Major central banks returned to balance sheet expansion

Source: J.P. Morgan Asset Management Guide to the Markets—U.S.; data as of December 31, 2019. 

*Includes the Bank of Japan (BoJ), Bank of England (BoE), European Central Bank (ECB) and Federal Reserve.

**Bond purchase forecast assumes no further purchases from BoE; continued BoJQE of $20tn JPY annually for 2020 and 2021; restarting of purchases from the ECB at a pace of $20bn EUR per month beginning in November 2019; and Federal Reserve purchases of Treasury bill securities at a pace of $60bn per month through June 2020 per the October 2019 policy statement. Beginning August 2019, maturing MBS holdings will be reinvested in Treasuries up to $20bn per month; anything in excess of that is reinvested back into MBS. The Fed balance sheet continues to rise again due to rising liabilities.

A line graph displaying global central bank bond purchases in billions of U.S. dollars on a 12-month rolling flow and forecast, as of December 2019, comparing the Federal Reserve, the Bank of Japan, the European Central Bank, the Bank of England, and the total.

Financial markets need to see earnings gains, as valuations are mostly stretched

Multiple expansion, not earnings growth, explained almost all of the U.S. equity market’s more than 30% gain in 2019 (Exhibit 3). In fact, S&P 500 earnings are expected to finish the year up only about 2.5%. Two factors may have helped investors in rationalizing these valuation gains: (1) falling interest rates and (2) the possibility that the earnings weaknesses experienced by Apple, Boeing, Exxon, Chevron and Micron Technology—without which the final earnings growth rate tally would have been closer to 5.0%—will prove transitory.¹

While we are mindful that earnings expectations typically deteriorate as the year progresses, consensus appears a little more grounded for 2020 after a disappointing 2019. Expectations are for the emerging markets to lead global earnings growth, rising 15%. The United States, Europe and Japan follow in order with 9%, 8% and 5% EPS growth estimates, respectively.

It is hard to make the case that equity valuations are attractive without viewing them against the fixed income market’s currently low yields. However, we believe that, which makes it our opinion that the economic expansion will continue and corporate earnings will grow 5%6%. Accommodating central bank policy around the world, plentiful liquidity in the United States and an election cycle, in which equity markets historically have delivered strong gains, should keep the tone of markets positive in 2020, though perhaps more volatile than in 2019.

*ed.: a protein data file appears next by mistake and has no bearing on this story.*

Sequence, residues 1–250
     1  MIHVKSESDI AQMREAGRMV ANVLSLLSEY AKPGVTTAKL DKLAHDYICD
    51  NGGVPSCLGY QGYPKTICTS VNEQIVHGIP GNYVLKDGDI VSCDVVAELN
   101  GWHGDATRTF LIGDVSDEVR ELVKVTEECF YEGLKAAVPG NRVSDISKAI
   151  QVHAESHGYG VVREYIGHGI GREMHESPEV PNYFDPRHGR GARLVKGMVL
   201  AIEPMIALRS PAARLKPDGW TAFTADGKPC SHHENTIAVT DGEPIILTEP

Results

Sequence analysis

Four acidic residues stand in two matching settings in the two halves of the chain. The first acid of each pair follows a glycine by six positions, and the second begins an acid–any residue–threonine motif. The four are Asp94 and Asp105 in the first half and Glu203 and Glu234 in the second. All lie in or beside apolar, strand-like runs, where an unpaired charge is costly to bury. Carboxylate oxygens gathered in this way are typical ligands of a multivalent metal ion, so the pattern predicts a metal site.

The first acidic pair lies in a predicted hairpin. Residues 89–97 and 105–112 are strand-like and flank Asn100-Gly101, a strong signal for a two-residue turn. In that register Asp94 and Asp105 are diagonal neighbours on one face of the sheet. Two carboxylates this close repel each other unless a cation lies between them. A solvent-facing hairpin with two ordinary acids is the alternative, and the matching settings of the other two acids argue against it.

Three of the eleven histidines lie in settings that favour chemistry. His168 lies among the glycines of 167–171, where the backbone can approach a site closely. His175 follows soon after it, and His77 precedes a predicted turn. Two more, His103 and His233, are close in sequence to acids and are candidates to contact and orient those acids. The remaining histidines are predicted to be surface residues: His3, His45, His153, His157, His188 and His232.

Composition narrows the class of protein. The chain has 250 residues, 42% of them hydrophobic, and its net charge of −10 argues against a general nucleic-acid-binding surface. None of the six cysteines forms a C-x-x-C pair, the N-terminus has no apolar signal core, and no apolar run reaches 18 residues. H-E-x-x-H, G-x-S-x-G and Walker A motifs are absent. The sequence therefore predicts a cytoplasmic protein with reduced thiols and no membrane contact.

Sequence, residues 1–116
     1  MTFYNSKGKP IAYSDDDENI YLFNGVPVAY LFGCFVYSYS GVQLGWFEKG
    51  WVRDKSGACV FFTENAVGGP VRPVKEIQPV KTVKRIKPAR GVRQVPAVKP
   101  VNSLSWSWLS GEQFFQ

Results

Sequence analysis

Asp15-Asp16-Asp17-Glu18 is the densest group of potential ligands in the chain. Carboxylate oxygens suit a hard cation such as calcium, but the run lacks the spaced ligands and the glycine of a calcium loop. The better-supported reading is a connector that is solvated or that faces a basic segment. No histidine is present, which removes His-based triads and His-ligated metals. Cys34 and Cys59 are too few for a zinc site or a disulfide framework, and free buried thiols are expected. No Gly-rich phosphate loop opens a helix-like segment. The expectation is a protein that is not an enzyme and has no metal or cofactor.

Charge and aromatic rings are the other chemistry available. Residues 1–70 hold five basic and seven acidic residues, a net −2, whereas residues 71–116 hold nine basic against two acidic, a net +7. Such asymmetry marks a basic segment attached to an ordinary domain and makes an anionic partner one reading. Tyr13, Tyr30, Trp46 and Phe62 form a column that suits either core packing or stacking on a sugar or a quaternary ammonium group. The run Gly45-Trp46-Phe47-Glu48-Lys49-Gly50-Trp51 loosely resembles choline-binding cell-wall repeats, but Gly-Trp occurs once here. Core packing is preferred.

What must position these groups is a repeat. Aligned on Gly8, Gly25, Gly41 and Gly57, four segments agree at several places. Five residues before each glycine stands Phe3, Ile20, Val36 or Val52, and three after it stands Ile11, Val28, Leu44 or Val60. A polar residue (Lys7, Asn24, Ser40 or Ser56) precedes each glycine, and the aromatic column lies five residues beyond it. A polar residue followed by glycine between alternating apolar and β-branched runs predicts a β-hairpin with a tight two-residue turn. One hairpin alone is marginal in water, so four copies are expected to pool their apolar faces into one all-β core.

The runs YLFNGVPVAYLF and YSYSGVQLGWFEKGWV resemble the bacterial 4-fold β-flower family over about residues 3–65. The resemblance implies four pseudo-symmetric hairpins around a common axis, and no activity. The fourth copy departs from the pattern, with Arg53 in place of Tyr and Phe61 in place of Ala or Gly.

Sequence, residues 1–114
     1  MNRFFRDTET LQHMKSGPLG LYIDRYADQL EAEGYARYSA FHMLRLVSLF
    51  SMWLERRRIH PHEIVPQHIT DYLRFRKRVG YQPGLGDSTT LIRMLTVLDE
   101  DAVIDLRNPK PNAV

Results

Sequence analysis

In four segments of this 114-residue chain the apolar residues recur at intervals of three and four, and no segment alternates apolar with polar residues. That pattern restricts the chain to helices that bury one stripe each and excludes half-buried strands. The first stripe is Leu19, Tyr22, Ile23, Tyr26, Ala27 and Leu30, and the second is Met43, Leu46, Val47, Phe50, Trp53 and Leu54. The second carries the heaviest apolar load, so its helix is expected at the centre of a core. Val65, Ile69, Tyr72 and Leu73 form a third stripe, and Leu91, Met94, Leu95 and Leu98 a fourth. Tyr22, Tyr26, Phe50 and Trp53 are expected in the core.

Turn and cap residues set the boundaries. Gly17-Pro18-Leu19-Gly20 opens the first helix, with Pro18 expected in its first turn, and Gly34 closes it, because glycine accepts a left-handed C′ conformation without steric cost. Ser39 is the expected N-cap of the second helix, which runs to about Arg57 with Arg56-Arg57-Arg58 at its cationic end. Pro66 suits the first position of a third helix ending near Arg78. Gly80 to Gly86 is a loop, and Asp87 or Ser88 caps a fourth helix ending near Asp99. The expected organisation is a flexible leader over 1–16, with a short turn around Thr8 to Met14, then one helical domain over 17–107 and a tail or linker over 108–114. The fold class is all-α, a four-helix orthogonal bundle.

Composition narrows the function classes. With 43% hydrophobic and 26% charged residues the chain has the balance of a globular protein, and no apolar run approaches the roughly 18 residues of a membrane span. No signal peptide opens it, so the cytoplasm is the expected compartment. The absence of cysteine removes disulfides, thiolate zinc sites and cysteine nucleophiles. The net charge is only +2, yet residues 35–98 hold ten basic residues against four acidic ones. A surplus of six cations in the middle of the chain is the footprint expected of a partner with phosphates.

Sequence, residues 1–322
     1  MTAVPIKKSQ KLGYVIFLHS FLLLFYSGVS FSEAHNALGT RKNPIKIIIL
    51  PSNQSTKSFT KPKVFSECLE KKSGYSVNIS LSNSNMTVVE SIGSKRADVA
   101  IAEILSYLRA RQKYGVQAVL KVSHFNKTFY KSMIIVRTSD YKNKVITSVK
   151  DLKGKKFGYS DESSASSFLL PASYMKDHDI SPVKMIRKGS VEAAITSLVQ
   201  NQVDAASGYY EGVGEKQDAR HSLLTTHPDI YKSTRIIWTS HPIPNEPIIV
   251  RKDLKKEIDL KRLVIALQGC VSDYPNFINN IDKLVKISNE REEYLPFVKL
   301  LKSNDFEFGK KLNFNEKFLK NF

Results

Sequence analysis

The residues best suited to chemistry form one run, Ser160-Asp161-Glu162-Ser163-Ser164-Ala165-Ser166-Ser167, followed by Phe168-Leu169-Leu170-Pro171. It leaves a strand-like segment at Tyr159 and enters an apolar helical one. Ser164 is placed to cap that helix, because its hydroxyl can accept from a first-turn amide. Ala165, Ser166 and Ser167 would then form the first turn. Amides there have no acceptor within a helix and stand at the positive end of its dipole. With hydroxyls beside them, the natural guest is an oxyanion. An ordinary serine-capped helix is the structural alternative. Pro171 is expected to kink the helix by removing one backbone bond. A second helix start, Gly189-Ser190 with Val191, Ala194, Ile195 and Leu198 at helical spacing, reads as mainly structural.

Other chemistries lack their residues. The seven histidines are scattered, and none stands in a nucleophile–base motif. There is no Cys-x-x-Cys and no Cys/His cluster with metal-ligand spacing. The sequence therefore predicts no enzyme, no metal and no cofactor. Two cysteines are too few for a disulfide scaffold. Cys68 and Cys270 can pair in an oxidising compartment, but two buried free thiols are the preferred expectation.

Equity returns in 2019 were driven by multiple expansion

Source: Bloomberg Finance L.P., J.P. Morgan Endowments & Foundations Group CIO Team. Data as of December 31, 2019.
A bar graph display of 2019 gross equity returns in U.S. dollars for the United States, Japan, Europe and emerging markets, showing the percentage of EPS Growth Outlook, dividend, multiple expansion, currency effect and gross total return.

Portfolio protection may need to be modified in the environment ahead

Despite our expectations that the cycle has longer to run, we are firmly convinced—by tensions in the Middle East, other geopolitical events and U.S. political drama—that portfolios need diversified protection. With U.S. 10-year Treasury rates now at roughly 1.8%, there is plenty of rally potential should a major economic or financial event take place. But a benchmark bond portfolio has less to offer as an effective portfolio diversifier today than it did only a couple of years ago. As many of our long-standing clients are aware, we believe gold and gold miners added to portfolios in late 2018 offer another and potentially more potent protection, especially as the macro environment evolves. Two dynamics should help support gold assets: (1) The Fed and other central banks will, we believe, be accommodating and asymmetric in their use of policy to extend the economic cycle, thus keeping rates—as well as the opportunity cost of holding non-interest bearing assets like gold—from rising meaningfully; and (2) the geopolitical temperature may remain elevated for a while. Although gold is now somewhat crowded with renters, it is satisfying to know that central banks have been net buyers of the metal for the past 10 years, while the U.S. dollar is slowly declining in terms of its allocation across central bank portfolios.2